Microfluidic Art Portfolio - Savannah Szemethy

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CHEM-ENG 535: Microfluidics and Microscale Analysis in Materials and Biology

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A collection of microfluidic art by Savannah Szemethy

My microfluidic art consists of imagery rather than geometric design and uses the photolithography/soft lithography method for device creation. My main focus is color theory, and I like to use bold, bright colors, especially brilliant pinks and blues. I am very particular about lineart and spend hours in Adobe Illustrator to ensure that the final linework is clean and smooth.

In accordance with my focus on color theory, my devices tend to have larger feature sizes to accommodate patterns and gradients. I fill all of my devices with a syringe pump so that I have precise control over flow and can minimize flooding. For some devices, such as the Eye design, I pause the flow of the syringe pump after the device has completely filled and poke the PDMS layer with tweezers in order to disrupt the fluid and create patterns of color when the flow restarts.

Due to my larger feature sizes, my biggest challenge with the creation of these devices was the issue of flooding. Since my artworks fill most of the space on the glass slides and have big channels, there is less surface area for bonding between the PDMS and the glass slide. As such, the strength of the plasma bond can be rather weak at times, causing the devices to flood and leak during the filling process. In order to mitigate this error, I began to bake the completed microfluidic device on the hot plate at 65+ oC for at least 30 min after plasma bonding to strengthen the bond. This post-plasma bake has greatly reduced the risk of flooding, although leakage will still sometimes occur at an inlet, as shown below with the D20 design.

Pictured below is my final gallery of completed devices. Over the course of the three years that I have been making this art, I have attempted to make many more devices than shown below, but some designs had to be scrapped or reworked due to difficulties with device fabrication or fluidic filling. A final artistic microfluidic chip can take about 15-25 hours to create, depending on the complexity of the design.

A portrait of a woman inspired by the Victorian Gothic era. The design features a profile of the woman surrounded by haunting spirits and vines. The device incompletely filled, leaving her eye empty and hollow as opposed to a filled-in pupil. The black dye solution was much more concentrated and well-mixed than the purple dye solution so that the purple fluid appeared fuzzy and cryptic. Created by Savannah Szemethy
A design of an open eye with thick eyelashes and dripping mascara. The slight gradient and swirling pattern were created by poking the device with tweezers while the flow was stopped and later restarted. Created by Savannah Szemethy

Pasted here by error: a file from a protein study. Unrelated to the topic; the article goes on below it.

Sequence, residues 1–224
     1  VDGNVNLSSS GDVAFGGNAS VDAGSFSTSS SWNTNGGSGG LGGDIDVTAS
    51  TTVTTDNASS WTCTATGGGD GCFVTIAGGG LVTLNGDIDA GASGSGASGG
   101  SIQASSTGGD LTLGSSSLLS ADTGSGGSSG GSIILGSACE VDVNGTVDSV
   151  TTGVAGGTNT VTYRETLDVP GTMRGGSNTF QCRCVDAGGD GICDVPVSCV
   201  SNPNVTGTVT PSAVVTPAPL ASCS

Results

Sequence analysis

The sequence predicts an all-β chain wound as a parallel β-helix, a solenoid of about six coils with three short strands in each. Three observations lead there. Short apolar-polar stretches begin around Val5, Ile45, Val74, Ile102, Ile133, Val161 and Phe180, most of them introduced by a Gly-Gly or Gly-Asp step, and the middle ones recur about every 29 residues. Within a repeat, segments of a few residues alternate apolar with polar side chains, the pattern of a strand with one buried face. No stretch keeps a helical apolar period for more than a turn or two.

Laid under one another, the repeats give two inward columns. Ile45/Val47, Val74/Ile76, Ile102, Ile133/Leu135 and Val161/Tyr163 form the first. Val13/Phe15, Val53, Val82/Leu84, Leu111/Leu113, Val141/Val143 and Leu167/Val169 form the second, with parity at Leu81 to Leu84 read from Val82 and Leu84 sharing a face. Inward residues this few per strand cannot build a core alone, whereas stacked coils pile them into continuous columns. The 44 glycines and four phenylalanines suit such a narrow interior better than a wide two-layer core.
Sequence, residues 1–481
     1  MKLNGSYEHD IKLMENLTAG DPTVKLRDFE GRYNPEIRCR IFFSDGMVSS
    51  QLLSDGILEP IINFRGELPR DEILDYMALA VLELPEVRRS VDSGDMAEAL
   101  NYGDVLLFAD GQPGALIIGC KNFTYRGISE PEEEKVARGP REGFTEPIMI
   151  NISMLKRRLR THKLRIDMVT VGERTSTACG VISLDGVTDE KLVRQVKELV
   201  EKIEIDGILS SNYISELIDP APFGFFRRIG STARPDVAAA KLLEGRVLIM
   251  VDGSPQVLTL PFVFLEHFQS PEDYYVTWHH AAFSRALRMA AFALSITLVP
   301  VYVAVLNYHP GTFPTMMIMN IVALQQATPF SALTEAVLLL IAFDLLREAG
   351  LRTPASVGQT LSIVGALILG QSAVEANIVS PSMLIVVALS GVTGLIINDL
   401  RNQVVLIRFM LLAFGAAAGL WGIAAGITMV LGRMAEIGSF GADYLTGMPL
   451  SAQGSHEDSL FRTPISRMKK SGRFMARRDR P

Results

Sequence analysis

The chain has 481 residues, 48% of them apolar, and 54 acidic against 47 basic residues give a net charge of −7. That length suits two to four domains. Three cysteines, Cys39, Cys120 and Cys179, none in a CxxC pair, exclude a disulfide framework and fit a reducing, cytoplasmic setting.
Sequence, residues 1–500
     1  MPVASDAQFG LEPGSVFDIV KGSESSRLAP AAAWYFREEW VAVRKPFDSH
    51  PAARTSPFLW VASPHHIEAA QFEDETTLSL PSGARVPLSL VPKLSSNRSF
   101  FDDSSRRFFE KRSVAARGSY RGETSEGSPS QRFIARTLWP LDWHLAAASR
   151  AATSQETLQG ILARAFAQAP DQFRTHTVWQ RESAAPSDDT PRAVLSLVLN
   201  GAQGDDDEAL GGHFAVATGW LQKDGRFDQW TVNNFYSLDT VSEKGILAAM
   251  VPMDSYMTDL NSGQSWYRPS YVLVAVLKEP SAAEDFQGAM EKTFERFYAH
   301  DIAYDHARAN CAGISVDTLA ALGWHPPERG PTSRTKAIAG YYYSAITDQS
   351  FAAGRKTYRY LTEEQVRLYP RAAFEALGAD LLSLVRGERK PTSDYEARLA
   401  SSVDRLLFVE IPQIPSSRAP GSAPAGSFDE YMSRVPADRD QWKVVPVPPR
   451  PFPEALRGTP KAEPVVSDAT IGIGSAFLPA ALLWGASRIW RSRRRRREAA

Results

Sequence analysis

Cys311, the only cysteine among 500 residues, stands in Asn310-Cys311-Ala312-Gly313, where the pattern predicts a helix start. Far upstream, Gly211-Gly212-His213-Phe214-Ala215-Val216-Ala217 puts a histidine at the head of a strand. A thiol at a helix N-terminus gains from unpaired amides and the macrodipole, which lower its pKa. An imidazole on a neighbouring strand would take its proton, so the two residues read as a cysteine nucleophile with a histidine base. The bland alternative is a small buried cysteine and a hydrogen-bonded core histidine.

A D20 polyhedral die typically used in the game Dungeons & Dragons. Blue, purple, and pink dye were mixed to create a colorful gradient. The air bubbles in the design are reminiscent of specks of glitter that are often found in transparent versions of these dice. Slight flooding did occur at the upper left inlet but did not significantly obscure the design features. Created by Savannah Szemethy
A microfluidic device inspired by the Mickey Mouse Balloons from Disneyland but instead reminiscent of Minnie Mouse rather than Mickey. I have been a fan of Disney all my life, and my nickname at my job at the end of high school was Minnie Mouse because I used to wear large bows to work, so Minnie holds a special place in my heart. This design highlights laminar flow as a result of little to no diffusive mixing between the red and black fluid. Created by Savannah Szemethy
A microfluidic device in the shape of a sugar skull. This design mainly focuses on symmetry and linework. Due to the intricacy of the features, some air bubbles remained, so spots of the device are not completely filled. Created by Savannah Szemethy
The White Rabbit from Lewis Carroll's Alice's Adventures in Wonderland. The swirling pattern in the back was created by pushing the acceleration button on the syringe pump so that spurts of fluid would accelerate into the device and thus create turbulent flow. This device was more tightly plasma-bonded than others, so it could handle the violent flow without flooding. Created by Savannah Szemethy
A design that showcases the different subfields within chemical engineering - chemistry, biochemistry, molecular biology, mechanics, and material science. The gradient and swirling was created while using tweezers to prod a large air bubble out of the device. Created by Savannah Szemethy
A portrait of Albert Einstein. The interesting color flow pattern naturally arose as the device was filling due to the intricacy and angled orientation of the channels. Created by Savannah Szemethy